To help women entrepreneurs, men should first change themselves
When I set out to research masculinity and entrepreneurship in Dhaka, I expected to hear the occasional sexist remark. Instead, I was surprised to find that the men I worked with were often eloquent defenders of women's rights, explaining to me in detail the religious, cultural, and familial barriers women entrepreneurs faced in Bangladesh. When I asked about gender, everyone, it seemed, had an answer for why there are not more women entrepreneurs.
However, my optimism faded as I realised men's answers didn't extend to critical reflection on themselves. In practice, describing the cultural barriers against women only served to absolve men of their sexist practices in creating that culture, positioning "culture" as a past-tense structure that their present-day actions could not alter. Often, it displaced blame solely onto women themselves for not being innovative or competitive enough to succeed as entrepreneurs.
For example, men would tell me that Bengali culture and religion kept women from being brave enough to start a venture, because women were sheltered and not exposed to the necessary risk true entrepreneurs need. But when I spoke to women about the difficulties they faced starting their ventures, rarely did they mention culture as a barrier. Rather, they made concrete and practical demands: to be taken seriously in a meeting, and not assumed to be the assistant of their male employees. To go to a business meeting alone without being sexually propositioned or harassed. To attend a job interview without being asked about their marital status. While occasionally culture was invoked to legitimate these demands, all of these complaints were rooted in men's everyday actions of exclusion which marked women as different and out-of-place in business—not an amorphous culture that socialised women to be less risky.
Similarly, I once attended an entrepreneurship symposium where all of the speakers were male. It went completely unremarked that not a single woman spoke for the first three hours of the programme. However, during the interactive portion at the end of the session, when the floor was opened to audience members, mostly women contributed their ideas. Suddenly, the moderators began making jokes. "Where are the men? Come on guys, step up!" they laughed. While perhaps good-natured, these comments normalised the all-male panel and othered women's voices as out-of-place and taking up too much space.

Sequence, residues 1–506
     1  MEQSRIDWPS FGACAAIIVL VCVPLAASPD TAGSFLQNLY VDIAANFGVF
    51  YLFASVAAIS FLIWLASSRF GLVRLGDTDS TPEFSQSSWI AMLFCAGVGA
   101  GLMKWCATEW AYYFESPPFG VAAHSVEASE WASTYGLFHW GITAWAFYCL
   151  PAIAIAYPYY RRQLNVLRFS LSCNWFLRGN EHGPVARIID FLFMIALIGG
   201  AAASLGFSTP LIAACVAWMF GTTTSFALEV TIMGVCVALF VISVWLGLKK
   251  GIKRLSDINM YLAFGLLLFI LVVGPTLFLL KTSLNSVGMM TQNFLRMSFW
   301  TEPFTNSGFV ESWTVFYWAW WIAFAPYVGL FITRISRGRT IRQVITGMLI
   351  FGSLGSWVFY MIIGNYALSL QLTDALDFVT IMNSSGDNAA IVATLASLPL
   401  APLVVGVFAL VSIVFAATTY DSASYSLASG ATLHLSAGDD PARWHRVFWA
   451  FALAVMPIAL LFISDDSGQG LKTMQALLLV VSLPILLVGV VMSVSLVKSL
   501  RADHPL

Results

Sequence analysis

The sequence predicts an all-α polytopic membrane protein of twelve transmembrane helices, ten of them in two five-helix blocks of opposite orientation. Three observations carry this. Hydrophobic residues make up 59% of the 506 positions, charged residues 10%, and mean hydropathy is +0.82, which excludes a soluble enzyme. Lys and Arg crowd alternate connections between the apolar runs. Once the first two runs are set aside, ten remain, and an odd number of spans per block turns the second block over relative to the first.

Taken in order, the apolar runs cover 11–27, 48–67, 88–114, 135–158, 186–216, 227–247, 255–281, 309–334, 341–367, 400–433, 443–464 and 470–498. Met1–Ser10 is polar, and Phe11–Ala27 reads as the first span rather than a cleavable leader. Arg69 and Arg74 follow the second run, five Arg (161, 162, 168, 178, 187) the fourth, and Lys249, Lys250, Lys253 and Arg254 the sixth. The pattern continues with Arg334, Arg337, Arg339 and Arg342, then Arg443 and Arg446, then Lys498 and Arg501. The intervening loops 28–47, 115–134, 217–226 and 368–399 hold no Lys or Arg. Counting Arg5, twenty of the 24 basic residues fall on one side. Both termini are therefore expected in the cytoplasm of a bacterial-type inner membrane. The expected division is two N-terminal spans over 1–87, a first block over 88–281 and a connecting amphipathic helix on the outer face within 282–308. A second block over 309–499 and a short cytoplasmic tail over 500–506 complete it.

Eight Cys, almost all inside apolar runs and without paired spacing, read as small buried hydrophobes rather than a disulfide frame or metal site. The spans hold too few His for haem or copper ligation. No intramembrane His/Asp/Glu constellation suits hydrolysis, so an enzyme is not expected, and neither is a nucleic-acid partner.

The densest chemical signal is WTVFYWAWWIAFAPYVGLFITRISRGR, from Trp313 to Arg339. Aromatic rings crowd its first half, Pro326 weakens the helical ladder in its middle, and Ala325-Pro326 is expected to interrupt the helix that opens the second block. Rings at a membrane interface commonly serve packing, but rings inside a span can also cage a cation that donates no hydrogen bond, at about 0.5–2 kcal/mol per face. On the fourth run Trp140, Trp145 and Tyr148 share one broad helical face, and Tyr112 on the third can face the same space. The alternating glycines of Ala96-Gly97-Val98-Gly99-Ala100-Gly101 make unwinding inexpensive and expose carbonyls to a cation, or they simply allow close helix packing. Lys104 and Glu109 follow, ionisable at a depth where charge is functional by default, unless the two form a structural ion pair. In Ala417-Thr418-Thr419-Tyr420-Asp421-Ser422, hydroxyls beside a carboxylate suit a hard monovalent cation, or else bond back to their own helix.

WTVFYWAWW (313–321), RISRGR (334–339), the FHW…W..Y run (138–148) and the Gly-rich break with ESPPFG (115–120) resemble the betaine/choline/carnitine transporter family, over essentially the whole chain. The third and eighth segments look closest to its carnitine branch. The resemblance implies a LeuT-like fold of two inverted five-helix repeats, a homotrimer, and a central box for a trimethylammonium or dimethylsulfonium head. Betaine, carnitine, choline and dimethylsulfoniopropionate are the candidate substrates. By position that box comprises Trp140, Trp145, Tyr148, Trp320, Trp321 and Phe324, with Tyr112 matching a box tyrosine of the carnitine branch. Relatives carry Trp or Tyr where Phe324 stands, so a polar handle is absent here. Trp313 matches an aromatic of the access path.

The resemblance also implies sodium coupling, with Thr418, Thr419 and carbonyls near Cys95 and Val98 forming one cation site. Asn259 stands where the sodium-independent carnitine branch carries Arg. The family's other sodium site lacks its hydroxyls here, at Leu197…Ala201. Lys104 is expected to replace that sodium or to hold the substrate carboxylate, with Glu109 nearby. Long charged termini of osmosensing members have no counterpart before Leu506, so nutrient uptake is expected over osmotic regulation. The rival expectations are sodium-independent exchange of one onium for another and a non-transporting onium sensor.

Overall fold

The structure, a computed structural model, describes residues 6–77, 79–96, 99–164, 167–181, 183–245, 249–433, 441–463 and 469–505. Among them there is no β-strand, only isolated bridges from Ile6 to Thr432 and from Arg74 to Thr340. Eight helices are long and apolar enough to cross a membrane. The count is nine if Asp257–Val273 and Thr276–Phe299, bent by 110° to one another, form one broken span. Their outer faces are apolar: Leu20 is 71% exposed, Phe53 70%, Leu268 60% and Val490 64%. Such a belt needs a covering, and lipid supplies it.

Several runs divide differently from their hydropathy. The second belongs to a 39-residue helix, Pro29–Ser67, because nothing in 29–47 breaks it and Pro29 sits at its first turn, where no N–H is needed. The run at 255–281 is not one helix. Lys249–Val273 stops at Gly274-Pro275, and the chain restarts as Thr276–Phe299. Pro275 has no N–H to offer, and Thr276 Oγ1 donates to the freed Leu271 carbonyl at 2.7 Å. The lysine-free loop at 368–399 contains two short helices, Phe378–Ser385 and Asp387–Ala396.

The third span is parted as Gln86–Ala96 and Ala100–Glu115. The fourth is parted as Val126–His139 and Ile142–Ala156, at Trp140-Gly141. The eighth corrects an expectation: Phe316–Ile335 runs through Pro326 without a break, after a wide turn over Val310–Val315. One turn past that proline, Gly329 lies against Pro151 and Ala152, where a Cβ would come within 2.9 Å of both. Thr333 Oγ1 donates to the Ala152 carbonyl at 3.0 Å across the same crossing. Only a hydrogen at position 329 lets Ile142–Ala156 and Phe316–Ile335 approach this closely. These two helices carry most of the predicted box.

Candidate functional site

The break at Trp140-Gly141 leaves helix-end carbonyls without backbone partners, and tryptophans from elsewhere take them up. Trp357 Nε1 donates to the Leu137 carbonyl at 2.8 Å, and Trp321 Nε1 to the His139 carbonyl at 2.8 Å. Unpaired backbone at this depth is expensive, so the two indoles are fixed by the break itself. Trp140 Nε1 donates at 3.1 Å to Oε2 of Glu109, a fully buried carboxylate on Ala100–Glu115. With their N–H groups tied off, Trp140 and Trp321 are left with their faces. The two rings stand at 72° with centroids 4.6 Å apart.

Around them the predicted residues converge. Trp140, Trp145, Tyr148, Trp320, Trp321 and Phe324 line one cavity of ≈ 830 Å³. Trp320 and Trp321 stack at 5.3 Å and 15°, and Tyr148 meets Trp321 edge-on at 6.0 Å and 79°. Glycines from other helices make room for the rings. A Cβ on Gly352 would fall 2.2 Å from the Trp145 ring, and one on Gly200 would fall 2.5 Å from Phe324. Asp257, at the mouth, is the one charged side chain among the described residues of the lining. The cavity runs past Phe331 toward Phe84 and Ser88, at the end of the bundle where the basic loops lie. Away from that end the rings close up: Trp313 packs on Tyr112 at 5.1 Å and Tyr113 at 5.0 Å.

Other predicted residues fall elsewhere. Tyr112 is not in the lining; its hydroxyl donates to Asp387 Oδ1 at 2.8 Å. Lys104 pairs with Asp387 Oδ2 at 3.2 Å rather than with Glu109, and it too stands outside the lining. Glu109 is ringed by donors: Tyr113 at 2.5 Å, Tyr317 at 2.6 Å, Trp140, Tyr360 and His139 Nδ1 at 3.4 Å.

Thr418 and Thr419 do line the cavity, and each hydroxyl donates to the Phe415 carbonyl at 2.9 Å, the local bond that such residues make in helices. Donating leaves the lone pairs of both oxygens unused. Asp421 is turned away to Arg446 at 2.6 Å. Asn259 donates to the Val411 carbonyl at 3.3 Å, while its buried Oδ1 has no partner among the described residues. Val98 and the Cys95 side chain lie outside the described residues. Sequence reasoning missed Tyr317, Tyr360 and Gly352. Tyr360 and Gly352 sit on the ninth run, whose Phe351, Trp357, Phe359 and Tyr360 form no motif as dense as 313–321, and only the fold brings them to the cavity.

Part of the problem is also events and programmes designed to help women. While these can offer useful resources and sources of recognition for women, they also pigeonhole women as intrinsically morally worthier or thriftier than men. The often cited (though unverifiable) statistic that women invest more back into their communities and families reinforces this ideal of women as moral mothers. While this stereotype can offer strategic advantage, it also excludes women from the pleasures of risk that men can access. Women are not morally-pure entrepreneurs; they are capable of the extremities of human fallibility, greed, and selfishness just as men are. In a context where being a bold risk-taker is venerated, we do women a disservice if we put them on pedestals and label them "safer bets", preventing them from the productive pleasures of struggle.
Programmes targeting women will thus do little to create more entrepreneurs unless men themselves begin to alter their own actions. Sexism grows not only in outright discrimination but in the quiet assumptions about who is capable of what. If men really want to help women be entrepreneurs, they should stop thinking about the difficulties women face, but think about themselves and their own actions. When they reach out to someone with an opportunity, who do they choose and why? When they choose to trust someone as a business partner, why is it? What assumptions do they make about the potential of women in their offices, or the labour they are expected to perform?
This self-reflection also requires shifting what is considered an innovative or exciting venture. Strikingly, the same men who would tell me it was a real shame that there weren't more women entrepreneurs would dismiss the entrepreneurial activities of women, especially with regard to clothing and crafts, as "basic" or not "innovative" enough. Those are just "side businesses" people would say, nothing serious or interesting. This dismissal of women's entrepreneurial ventures in organisations ostensibly designed to incite entrepreneurship reflects how deeply business is assumed to be a male space. The irony is that many of these supposed side businesses actually produce far more revenue than the publicly lauded (male) technology businesses, most of which struggle to turn a profit in Dhaka.
Most striking to me is men's seeming inability or refusal to examine how gender had shaped their lives. When I tried to ask about gender, men would immediately describe women's status and positioning. By presuming that "gender" means "women", men lose the chance to think critically about what it means to be gendered as male and grow up in a society that limits men's range of human expression. These limitations also hurt men, restricting their ability to share vulnerability or develop empathy, and foreclosing a broader imagination of who they can be.
Throughout Dhaka, both policymakers and universities proclaim that entrepreneurship can solve problems. Its possibilities, however, remain limited if people continue to be restricted by narrow, gendered expectations.
Dana McLachlin is an anthropology student at the University of Amsterdam.